Historical Portraits Picture Archive

Portrait of Sir John Conroy, Bt (1786-1854) 

Henry William Pickersgill (1782–1875)

Portrait of Sir John  Conroy, Bt (1786-1854), Henry William Pickersgill
Oil on canvas
19th Century
56 x 44 inches, 142.4 x 111.4 cm
Sir John Conroy, 1st Bt; Thence by descent, probably until the later 20th Century; English private collection. Inscribed extensively verso.
Richard Ormond, Early Victorian Portraits, London 1973, p.114.
1837 Royal Academy, London, no.72.
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Sir John Conroy played a crucial role in the life of the young Queen Victoria. As the confidante of Victoria’s widowed mother, the Duchess of Kent, he was able to manoeuvre himself into a position of influence over the young Princess, and attempted to control her upbringing via the ‘Kensington System’. However, his plans failed, and Victoria cast him aside as soon as she succeeded to the throne, calling him “that monster and devil incarnate”.

Conroy was born in Wales of Irish parents, his father having come to Britain to practice as a barrister. He was educated first by tutors and then at the Royal Military Academy, Woolwich from where he was commissioned into the Royal Artillery in 1803. He wears the uniform of the Royal Artillery in the present portrait. In 1808 Conroy married Elizabeth, daughter of Major General Fisher of the Royal Engineers, and it was through his wife’s connections that he was appointed equerry to the Duke of Kent on the latter’s marriage to Princess Victoire of Leiningen. Conroy maintained, fantastically, that his wife was the Duke’s illegitimate daughter.

Conroy’s organisational skills soon won him the favour of the Kents, and on the Duke’s sudden death in 1820 he became the comptroller of the Duchess’ household. She came to rely on him heavily, and, perhaps inevitably, rumours began to circulate that the two were having an affair.

As it gradually became apparent that the Duchess’ daughter Victoria would become heir to the throne, after the death of George IV’s daughter Charlotte, and the failure of William IV to produce legitimate heirs, Conroy established a system of control over the Princess that was meant to cement his and the Duchess’ grip on the throne whenever Victoria succeeded. The Duchess and Conroy hoped that William IV would die before Victoria became of age, thus requiring a Regency under the Duchess, with Conroy as her private secretary. In preparation for such an eventuality, Conroy created the ‘Kensington System’ to ensure that Victoria was under his and the Duchess’ control at all times. Victoria was never allowed to be alone, had to sleep in her mother’s bedroom, and was restricted to specially selected visitors. Conroy’s power was such that William IV called him ‘King John’.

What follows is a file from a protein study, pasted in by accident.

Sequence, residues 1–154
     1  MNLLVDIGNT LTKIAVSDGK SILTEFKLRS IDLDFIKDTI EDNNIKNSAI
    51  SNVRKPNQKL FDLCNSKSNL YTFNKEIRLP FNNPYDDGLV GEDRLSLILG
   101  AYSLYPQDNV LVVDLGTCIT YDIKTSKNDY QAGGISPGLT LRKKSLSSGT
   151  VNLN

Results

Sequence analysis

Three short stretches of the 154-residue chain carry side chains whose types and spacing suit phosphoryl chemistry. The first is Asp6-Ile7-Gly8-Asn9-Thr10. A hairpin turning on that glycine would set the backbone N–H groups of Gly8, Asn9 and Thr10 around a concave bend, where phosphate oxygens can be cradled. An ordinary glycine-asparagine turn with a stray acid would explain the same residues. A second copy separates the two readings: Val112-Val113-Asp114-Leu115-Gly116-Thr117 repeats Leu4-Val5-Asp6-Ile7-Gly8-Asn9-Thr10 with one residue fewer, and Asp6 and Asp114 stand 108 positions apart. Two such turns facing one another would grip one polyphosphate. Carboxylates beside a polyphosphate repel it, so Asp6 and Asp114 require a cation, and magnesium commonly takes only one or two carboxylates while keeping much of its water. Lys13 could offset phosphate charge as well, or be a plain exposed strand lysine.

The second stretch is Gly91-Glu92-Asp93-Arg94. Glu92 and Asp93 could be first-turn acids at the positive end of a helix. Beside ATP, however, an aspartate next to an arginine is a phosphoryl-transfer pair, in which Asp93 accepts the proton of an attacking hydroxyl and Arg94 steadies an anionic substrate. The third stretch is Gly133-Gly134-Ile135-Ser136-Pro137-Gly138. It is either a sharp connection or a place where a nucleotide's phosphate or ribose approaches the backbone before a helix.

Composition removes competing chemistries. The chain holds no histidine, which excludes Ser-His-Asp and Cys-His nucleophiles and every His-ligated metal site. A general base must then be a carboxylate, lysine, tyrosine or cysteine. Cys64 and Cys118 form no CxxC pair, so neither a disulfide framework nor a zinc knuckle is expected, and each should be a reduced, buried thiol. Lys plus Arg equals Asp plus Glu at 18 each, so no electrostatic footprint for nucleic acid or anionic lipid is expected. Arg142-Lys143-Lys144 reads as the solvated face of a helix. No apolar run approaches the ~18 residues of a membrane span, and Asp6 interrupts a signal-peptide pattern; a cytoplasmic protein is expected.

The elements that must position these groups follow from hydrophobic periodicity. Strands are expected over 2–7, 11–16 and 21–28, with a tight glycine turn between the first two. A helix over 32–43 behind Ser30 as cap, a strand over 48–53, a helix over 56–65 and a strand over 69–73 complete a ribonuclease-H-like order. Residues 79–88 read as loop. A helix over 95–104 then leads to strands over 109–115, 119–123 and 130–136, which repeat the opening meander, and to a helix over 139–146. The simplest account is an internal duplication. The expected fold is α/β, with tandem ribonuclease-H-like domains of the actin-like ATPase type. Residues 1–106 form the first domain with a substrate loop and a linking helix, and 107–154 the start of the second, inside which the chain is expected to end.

However, William IV was determined to thwart the Duchess’s plans, even going so far as to say, to her face, that he was determined to live beyond Victoria’s eighteenth birthday simply to spite the Regency scheme. He succeeded, and died a few months after Victoria reached her majority. One of Victoria’s first acts as Queen was to distance herself from her mother, and to banish Conroy from the household. Later, in 1839, the Duke of Wellington persuaded him to go abroad, where he amassed a number of foreign honours, including a Guelphic Knighthood, all of which are listed on the reverse of the present picture. He had been created a baronet in 1837, but Sir Robert Peel refused him the Irish peerage, which had apparently been promised by Melbourne. He died at his home, Arborfield Hall in Berkshire, in 1854 leaving substantial debts. The present portrait is the prime example of three versions. The versions are listed on the reverse of the picture, which states that this example was exhibited at the Royal Academy in 1837.
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